“Can’t wait to get back on the trails where it all started and compete at XTERRA again,” said Wilde. “For me, this will be my only XTERRA this year as from May to August I’ll be in Europe racing WTS and World Cups to get as much experience and racing in as possible. I am finding the road stuff fast and exciting, but I miss XTERRA.  Nothing compares to the off-road XTERRA feel and that’s where my triathlon career started so I just love it and can’t wait to race this weekend.”

Keep an eye out for Wilde, as his goal is the 2020 games and the pursuit of the Olympic dream, “but a return to Maui someday is in the cards for sure, I love that place,” he said.

The seemingly endless string of super strong Kiwi XTERRA racers carries on with the likes of Lewis Ryan, the youngest of the Rotorua crew at just 19-years of age.  Ryan won the overall XTERRA Pan Am Championship amateur title two years ago and will make his elite debut on Saturday.

“Lining up with the big boys from here on out,” said the ever-cheerful Ryan.  “Definitely an awesome opportunity and something I’m super stoked to commit too. Making it even more special is that I’m able to pin on my first pro number at home here in Rotorua, so my excitement levels are peaking!”

Ryan said he grew up watching the “old guard” XTERRA pros and feels honoured to toe the line with the legends.

“I’ve been pre-riding the course the last couple days with Ben and Jacqui Allen and it’s brought back a whole load of memories,” he explained. “I grew up watching Ben have some epic battles here and as a kid who knew nothing about triathlon and was just at XTERRA Rotorua to support my Dad, these guys like Ben made the sport look so attractive.  It’ll be special to line up beside one of the good guys of the sport who I’ve idolized since day one.”

As for who he thinks the favourites should be, Ryan says “it’s Sam, Hayden, Ben and Olly Shaw. Olly (also from Rotorua) is always a player here, and they’re all phenomenal athletes.  In terms of the actual race, everyone knows it’s going to be a fast swim. Ben and Sam have proven themselves as some of the best fish in the sea. Going out onto the new bike course, the race dynamic will be a little bit different to previous years and I think it’ll make for an exciting showdown. There’s going to be plenty of opportunities to put moves in over different sections of the course. There’s no obvious make or break sector so I think we’re just going to have to wait and see what happens. For myself, I’ve got certain sections of trail that seem to have a nice flow about them which should make for some good fun come Saturday. My actual goals are completely different to previous races, as I’m really going into it totally relaxed. It’ll be my first time lining up as a pro, so I just want to enjoy the moment and embrace the atmosphere.”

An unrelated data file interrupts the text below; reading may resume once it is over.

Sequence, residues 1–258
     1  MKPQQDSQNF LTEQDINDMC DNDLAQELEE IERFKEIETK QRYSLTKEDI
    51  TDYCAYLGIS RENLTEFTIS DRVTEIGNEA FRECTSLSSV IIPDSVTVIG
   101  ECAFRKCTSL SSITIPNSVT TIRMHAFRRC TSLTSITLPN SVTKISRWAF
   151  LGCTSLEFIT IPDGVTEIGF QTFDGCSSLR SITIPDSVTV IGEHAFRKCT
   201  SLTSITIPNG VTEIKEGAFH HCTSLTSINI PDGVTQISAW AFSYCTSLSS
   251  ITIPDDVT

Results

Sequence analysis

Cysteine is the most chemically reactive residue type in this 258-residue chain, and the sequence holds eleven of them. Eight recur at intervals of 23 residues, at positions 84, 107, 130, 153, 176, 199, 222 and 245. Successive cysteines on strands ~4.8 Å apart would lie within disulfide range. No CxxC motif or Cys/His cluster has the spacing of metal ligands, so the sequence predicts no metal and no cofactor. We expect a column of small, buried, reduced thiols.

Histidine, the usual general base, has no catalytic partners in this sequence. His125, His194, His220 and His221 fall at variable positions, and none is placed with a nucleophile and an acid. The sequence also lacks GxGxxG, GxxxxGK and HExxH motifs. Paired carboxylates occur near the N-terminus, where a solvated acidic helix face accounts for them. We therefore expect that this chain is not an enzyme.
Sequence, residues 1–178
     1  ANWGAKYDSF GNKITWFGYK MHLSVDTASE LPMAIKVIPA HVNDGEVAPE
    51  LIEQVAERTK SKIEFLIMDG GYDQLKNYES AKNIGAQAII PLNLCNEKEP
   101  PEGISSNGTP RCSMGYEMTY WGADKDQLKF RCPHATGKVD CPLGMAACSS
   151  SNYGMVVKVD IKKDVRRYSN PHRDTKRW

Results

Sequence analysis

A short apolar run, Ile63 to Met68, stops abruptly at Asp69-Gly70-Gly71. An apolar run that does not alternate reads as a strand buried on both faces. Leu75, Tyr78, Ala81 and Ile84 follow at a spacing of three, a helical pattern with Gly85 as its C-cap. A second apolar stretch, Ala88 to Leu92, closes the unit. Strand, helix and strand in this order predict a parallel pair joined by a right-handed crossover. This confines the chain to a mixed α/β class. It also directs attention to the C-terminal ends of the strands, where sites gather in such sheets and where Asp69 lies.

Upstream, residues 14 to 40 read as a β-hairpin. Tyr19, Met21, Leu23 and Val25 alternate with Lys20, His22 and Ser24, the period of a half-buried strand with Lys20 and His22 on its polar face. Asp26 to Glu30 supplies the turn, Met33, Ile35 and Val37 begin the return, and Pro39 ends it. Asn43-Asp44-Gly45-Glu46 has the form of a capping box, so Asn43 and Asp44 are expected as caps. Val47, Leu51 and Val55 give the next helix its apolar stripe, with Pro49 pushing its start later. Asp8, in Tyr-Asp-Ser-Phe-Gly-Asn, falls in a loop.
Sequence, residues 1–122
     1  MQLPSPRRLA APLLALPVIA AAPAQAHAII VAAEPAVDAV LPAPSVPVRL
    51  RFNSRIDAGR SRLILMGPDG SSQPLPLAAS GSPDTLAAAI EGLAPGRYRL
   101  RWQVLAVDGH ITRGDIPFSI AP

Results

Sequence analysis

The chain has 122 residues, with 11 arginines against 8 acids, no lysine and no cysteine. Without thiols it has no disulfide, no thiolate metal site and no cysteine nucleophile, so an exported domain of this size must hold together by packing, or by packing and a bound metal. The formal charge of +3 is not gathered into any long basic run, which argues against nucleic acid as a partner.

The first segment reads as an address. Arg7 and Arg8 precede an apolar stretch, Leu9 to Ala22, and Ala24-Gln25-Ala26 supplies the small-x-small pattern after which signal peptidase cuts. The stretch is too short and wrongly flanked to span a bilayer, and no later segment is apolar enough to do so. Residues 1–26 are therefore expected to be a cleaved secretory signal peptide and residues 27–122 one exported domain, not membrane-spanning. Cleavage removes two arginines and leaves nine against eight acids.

Other elite men on the line include XTERRA veteran Alex Roberts from Taupo and Rodney Bell from Australia.

In the women’s race, Jacqui Slack from Great Britain will be gunning for her third Rotorua crown (she also won in 2012).

“It’s awesome to be back here in Rotorua,” said Slack, who also won XTERRA Tahiti and finished 2nd on the XTERRA Asia-Pacific Tour last year.  “The weather is being kind and the trails are dry and fast. I’m feeling great and training has been going well so I’m ready to kick off the Asia-Pacific Tour. As always, there will be some solid competition from the Kiwi ladies making sure it’s a close race along with our Aussie lass Penny Slater.”

Of note amongst those Kiwi, ladies is Hannah Wells, who was second to Slack here last year, and Kristy Jennings, the reigning 35-39 XTERRA World Champion who will be making her debut in the elite field on Saturday should injuries she suffered in a bike crash last week subside.

“I’m going to ride the mountain bike course to see how I feel and will make the call then,” said Jennings, who also has XTERRA Danao, Tahiti, and Albay on her docket this season.  “It’s a 50/50 chance of racing right now which is super disappointing, but we’ll see.”

Other female elites on the line include Aussie Leela Hancox, who finished fourth at the XTERRA Asia-Pacific Championship race in Malaysia last year, and Laura Mira from Brazil, who was fourth in the XTERRA Pan Am Pro Series last season.

XTERRA New Zealand is the first of four races on the 2018 XTERRA Asia-Pacific Tour, which heads to the Philippines for the one-day Asia-Pacific Championship race in Danao on April 22, follows with XTERRA Tahiti in Moorea on May 11, and wraps up in Albay (Philippines) on June 17.

XTERRA NEW ZEALAND ALL-TIME ELITE WINNERS
Year Men Women
2003 Sam Mallard Evelyn Willamson
2004 Hamish Carter Sonia Foote
2005 Hamish Carter Sonia Foote
2006 Hamish Carter Gina Ferguson
2007 Tim Wilding Gina Ferguson
2008 Terenzo Bozzone Sonia Foote
2009 Richard Ussher Nicola Leary
2010 Scott Thorne Nicola Leary
2011 Richard Ussher Karen Hanlen
2012 Ben Allen Jacqui Slack
2013 Ben Allen Renata Bucher
2014 Conrad Stoltz Barbara Riveros
2015 Braden Currie Suzie Snyder
2016 Braden Currie Lizzie Orchard
2017 Sam Osborne Jacquie Allen